What are the areas of these triangles? What do you notice? Can you generalise to other "families" of triangles?
Choose four consecutive whole numbers. Multiply the first and last numbers together. Multiply the middle pair together. What do you notice?
It starts quite simple but great opportunities for number discoveries and patterns!
Charlie has made a Magic V. Can you use his example to make some more? And how about Magic Ls, Ns and Ws?
Can you describe this route to infinity? Where will the arrows take you next?
List any 3 numbers. It is always possible to find a subset of adjacent numbers that add up to a multiple of 3. Can you explain why and prove it?
Polygons drawn on square dotty paper have dots on their perimeter (p) and often internal (i) ones as well. Find a relationship between p, i and the area of the polygons.
Imagine an infinitely large sheet of square dotty paper on which you can draw triangles of any size you wish (providing each vertex is on a dot). What areas is it/is it not possible to draw?
Can you find sets of sloping lines that enclose a square?
Take any two positive numbers. Calculate the arithmetic and geometric means. Repeat the calculations to generate a sequence of arithmetic means and geometric means. Make a note of what happens to the. . . .
Imagine we have four bags containing numbers from a sequence. What numbers can we make now?
What would you get if you continued this sequence of fraction sums? 1/2 + 2/1 = 2/3 + 3/2 = 3/4 + 4/3 =
Triangle ABC is an equilateral triangle with three parallel lines going through the vertices. Calculate the length of the sides of the triangle if the perpendicular distances between the parallel. . . .
Some students have been working out the number of strands needed for different sizes of cable. Can you make sense of their solutions?
Spotting patterns can be an important first step - explaining why it is appropriate to generalise is the next step, and often the most interesting and important.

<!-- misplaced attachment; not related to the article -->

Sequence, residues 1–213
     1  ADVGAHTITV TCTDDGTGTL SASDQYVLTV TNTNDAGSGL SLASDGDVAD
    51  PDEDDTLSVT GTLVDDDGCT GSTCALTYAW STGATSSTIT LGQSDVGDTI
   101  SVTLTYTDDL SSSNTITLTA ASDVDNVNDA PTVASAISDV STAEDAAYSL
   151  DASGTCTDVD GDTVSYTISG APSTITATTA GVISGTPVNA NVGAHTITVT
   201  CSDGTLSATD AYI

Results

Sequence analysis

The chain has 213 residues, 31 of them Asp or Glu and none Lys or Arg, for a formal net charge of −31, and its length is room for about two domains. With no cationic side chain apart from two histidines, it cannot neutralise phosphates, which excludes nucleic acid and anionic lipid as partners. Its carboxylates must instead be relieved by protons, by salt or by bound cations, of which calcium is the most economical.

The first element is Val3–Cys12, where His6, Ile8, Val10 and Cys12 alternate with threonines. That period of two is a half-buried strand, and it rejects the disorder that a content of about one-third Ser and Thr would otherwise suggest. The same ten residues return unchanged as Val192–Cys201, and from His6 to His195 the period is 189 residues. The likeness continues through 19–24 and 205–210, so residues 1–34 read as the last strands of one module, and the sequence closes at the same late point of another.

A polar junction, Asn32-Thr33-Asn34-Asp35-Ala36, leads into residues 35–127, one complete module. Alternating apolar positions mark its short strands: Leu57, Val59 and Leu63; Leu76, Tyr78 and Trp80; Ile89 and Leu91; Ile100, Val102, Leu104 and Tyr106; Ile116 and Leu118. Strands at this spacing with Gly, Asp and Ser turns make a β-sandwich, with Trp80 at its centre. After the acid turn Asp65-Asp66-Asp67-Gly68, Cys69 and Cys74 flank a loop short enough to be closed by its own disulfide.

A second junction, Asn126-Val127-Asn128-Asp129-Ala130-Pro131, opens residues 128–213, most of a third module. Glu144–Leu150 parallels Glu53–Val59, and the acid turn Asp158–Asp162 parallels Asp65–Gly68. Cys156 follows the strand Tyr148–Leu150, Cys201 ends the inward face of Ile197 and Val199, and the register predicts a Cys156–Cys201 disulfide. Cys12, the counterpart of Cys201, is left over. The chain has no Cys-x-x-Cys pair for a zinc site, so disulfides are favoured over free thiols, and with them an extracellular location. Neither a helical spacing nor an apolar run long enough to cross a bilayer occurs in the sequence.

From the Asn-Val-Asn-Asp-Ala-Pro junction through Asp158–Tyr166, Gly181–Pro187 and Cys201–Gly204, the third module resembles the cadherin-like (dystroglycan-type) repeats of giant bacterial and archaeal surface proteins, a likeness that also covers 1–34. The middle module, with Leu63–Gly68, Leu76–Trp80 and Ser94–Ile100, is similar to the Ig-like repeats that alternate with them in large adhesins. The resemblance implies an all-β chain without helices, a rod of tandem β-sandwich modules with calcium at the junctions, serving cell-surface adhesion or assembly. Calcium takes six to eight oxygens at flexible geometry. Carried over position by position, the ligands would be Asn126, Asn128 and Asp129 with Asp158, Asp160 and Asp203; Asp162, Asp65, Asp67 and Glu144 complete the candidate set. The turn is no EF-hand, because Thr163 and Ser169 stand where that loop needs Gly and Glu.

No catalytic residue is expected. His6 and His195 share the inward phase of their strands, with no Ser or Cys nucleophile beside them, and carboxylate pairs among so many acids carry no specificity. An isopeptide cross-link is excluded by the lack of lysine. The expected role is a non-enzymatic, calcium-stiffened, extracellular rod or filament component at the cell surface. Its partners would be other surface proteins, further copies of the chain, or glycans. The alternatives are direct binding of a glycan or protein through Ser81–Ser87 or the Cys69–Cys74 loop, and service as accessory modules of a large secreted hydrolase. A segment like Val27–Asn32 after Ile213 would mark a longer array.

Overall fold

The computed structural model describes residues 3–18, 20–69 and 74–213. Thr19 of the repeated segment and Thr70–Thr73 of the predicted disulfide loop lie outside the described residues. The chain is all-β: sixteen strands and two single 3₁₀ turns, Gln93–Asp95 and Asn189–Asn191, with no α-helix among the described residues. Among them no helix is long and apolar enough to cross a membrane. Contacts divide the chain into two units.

When number pyramids have a sequence on the bottom layer, some interesting patterns emerge...
A country has decided to have just two different coins, 3z and 5z coins. Which totals can be made? Is there a largest total that cannot be made? How do you know?
It would be nice to have a strategy for disentangling any tangled ropes...
The Egyptians expressed all fractions as the sum of different unit fractions. Here is a chance to explore how they could have written different fractions.
We can show that (x + 1)² = x² + 2x + 1 by considering the area of an (x + 1) by (x + 1) square. Show in a similar way that (x + 2)² = x² + 4x + 4
What size square corners should be cut from a square piece of paper to make a box with the largest possible volume?
Charlie has moved between countries and the average income of both has increased. How can this be so?
Can all unit fractions be written as the sum of two unit fractions?
Can you tangle yourself up and reach any fraction?
Can you dissect a square into: 4, 7, 10, 13... other squares? 6, 9, 12, 15... other squares? 8, 11, 14... other squares?
Try entering different sets of numbers in the number pyramids. How does the total at the top change?
Imagine you have a large supply of 3kg and 8kg weights. How many of each weight would you need for the average (mean) of the weights to be 6kg? What other averages could you have?